$\displaystyle \mathcal{E}_d(\mathbf{p}) = \sum_{\mathbf{q} \in \mathfrak{R}} \l...
...athbf{q}) - \mathcal {T}(\mathcal {W}(\mathbf{q} ; \mathbf{p})) \right \Vert^2,$ (5.5)

where $ \mathfrak{R}$ is the region of interest (ROI). It is a set of pixels of the source image that should be carefully chosen. More details on this region of interest along with some of our contributions related to this matter will be given in section 5.2. The principle of the SSD term for direct image registration is illustrated in figure 5.3.

Figure 5.3: Illustration of the principle of the SSD term for direct image registration. The SSD term is the sum of the difference of colours of the pixels in the ROI (in the source image) and their correspondent in the target image (computed using the warp induced by the parameters $ \mathbf p$).
Image illus-direct

Mutual Information.

The Mutual Information (MI) is another common principle to image registration that raises a different data term. It has been independently introduced in (48,192). Note that we do not use this kind of criterion in the rest of this document. The MI is the quantity of information of the first image which is contained in the second image. The MI is maximal when the two images are identical. There exists several definitions. We report here the resulting data term presented in (74):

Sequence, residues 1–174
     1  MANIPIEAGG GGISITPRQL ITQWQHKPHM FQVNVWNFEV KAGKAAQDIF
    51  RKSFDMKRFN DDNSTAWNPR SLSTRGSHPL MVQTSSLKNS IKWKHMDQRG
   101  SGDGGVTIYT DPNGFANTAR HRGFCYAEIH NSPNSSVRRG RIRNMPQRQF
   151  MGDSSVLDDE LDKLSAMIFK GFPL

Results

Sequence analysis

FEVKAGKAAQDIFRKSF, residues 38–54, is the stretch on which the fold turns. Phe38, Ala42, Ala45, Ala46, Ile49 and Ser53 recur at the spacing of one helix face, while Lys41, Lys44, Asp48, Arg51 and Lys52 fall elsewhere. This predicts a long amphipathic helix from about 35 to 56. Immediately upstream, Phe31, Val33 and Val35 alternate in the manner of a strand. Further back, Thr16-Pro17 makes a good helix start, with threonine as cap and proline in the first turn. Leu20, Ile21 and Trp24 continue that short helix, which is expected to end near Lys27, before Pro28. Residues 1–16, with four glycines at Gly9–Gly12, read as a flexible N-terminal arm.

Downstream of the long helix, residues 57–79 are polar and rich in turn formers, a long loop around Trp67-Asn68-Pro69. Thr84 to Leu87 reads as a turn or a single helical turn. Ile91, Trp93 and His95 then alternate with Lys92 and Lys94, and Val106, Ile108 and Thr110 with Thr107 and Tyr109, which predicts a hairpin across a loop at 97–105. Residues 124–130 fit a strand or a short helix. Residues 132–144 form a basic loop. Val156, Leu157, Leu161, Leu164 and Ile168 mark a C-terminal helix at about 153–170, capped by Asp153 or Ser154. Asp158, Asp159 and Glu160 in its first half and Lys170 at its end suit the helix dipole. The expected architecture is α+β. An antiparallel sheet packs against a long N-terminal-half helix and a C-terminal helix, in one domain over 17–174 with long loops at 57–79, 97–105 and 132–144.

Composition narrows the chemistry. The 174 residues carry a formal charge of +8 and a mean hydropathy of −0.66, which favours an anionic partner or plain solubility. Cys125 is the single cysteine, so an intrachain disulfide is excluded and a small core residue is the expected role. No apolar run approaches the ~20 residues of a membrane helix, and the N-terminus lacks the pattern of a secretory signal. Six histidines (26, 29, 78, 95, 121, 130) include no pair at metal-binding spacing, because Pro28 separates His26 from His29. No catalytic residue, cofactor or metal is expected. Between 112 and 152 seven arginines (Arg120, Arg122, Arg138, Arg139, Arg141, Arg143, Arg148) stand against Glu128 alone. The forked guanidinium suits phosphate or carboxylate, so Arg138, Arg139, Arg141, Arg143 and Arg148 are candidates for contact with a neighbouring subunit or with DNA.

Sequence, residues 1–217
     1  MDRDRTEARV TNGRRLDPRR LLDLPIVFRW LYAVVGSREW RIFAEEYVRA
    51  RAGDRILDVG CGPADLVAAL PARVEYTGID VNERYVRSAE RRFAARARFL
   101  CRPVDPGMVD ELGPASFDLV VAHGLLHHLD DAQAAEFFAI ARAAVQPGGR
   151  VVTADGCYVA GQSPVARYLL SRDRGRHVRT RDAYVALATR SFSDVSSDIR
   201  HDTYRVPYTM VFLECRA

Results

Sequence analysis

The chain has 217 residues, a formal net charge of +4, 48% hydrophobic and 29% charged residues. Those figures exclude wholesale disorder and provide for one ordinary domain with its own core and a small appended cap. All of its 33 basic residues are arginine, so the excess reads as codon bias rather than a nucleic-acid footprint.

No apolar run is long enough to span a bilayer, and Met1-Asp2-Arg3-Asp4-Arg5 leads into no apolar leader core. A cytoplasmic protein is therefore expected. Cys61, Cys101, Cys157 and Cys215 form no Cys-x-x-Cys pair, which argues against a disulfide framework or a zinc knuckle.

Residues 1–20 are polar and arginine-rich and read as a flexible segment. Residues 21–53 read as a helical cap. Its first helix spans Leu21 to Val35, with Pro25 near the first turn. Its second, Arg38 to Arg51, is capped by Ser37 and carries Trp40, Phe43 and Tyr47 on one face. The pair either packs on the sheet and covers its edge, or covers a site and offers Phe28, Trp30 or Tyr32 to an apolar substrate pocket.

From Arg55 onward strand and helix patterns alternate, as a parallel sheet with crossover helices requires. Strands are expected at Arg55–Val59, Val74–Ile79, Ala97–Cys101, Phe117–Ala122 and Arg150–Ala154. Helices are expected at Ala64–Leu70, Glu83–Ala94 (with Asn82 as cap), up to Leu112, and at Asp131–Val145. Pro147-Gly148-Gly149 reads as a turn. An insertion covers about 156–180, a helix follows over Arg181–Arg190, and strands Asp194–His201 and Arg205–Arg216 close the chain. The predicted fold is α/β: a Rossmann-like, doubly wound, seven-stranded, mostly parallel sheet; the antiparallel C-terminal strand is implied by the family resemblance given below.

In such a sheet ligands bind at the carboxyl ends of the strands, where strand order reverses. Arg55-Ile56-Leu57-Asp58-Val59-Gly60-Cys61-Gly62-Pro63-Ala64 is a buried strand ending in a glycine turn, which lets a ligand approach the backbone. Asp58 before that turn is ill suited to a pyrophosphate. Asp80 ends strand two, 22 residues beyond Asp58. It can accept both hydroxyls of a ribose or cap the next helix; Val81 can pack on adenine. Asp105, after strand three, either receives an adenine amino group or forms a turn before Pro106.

$\displaystyle \mathcal{E}_d(\mathbf{p}) = \zeta(\mathcal {S}) + \zeta(\mathcal ...
...athcal {T}(\mathcal {W}(\textrm{\raisebox{1pt}{\tiny$\bullet$}}; \mathbf{p}))),$ (5.6)

where $ \zeta$ is the Shannon entropy (173). It measures the quantity of information contained in a sequence of events. The entropy of an image is related to its complexity. A completely untextured image has a low entropy while a highly textured image has a higher value. The joint entropy $ \zeta(\mathcal {S} , \mathcal {T}(\mathcal {W}(\textrm{\raisebox{1pt}{\tiny $\bullet$}}; \mathbf{p})))$ measures the quantity of information shared by the images $ \mathcal{S}$ and $ \mathcal {T}(\mathcal {W}(\textrm{\raisebox{1pt}{\tiny $\bullet$}}; \mathbf{p}))$. If these images are identical then their joint entropy is minimal. It may be computed from the joint histogram of the two images. Maximizing the MI is thus equivalent to searching for the transformation that results in a maximum of information in the images while having the images as similar as possible. Contrarily to the other types of approaches, the MI criterion does not rely directly on the colour information. It makes the MI criterion particularly well-suited for multi-modal image registration. This is the reason why the MI criterion is very popular in medical image registration (129,150,162).